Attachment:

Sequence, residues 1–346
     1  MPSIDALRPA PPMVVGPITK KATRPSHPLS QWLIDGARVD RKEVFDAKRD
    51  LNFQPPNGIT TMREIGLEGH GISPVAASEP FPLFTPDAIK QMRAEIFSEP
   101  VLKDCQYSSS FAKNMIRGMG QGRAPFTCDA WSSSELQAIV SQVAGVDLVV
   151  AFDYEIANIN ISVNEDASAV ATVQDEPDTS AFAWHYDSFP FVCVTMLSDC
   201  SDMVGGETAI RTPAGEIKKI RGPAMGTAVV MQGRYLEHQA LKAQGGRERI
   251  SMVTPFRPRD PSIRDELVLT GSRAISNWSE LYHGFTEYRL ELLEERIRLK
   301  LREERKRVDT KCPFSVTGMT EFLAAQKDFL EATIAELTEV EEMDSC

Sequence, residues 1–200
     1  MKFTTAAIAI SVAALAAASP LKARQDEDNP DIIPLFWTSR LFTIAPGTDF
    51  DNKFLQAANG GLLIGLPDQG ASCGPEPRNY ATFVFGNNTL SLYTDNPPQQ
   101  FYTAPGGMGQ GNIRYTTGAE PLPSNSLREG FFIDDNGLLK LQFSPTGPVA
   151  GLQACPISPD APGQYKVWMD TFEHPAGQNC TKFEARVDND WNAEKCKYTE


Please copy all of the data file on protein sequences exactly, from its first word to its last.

Sequence, residues 1–346
     1  MPSIDALRPA PPMVVGPITK KATRPSHPLS QWLIDGARVD RKEVFDAKRD
    51  LNFQPPNGIT TMREIGLEGH GISPVAASEP FPLFTPDAIK QMRAEIFSEP
   101  VLKDCQYSSS FAKNMIRGMG QGRAPFTCDA WSSSELQAIV SQVAGVDLVV
   151  AFDYEIANIN ISVNEDASAV ATVQDEPDTS AFAWHYDSFP FVCVTMLSDC
   201  SDMVGGETAI RTPAGEIKKI RGPAMGTAVV MQGRYLEHQA LKAQGGRERI
   251  SMVTPFRPRD PSIRDELVLT GSRAISNWSE LYHGFTEYRL ELLEERIRLK
   301  LREERKRVDT KCPFSVTGMT EFLAAQKDFL EATIAELTEV EEMDSC

Sequence, residues 1–200
     1  MKFTTAAIAI SVAALAAASP LKARQDEDNP DIIPLFWTSR LFTIAPGTDF
    51  DNKFLQAANG GLLIGLPDQG ASCGPEPRNY ATFVFGNNTL SLYTDNPPQQ
   101  FYTAPGGMGQ GNIRYTTGAE PLPSNSLREG FFIDDNGLLK LQFSPTGPVA
   151  GLQACPISPD APGQYKVWMD TFEHPAGQNC TKFEARVDND WNAEKCKYTE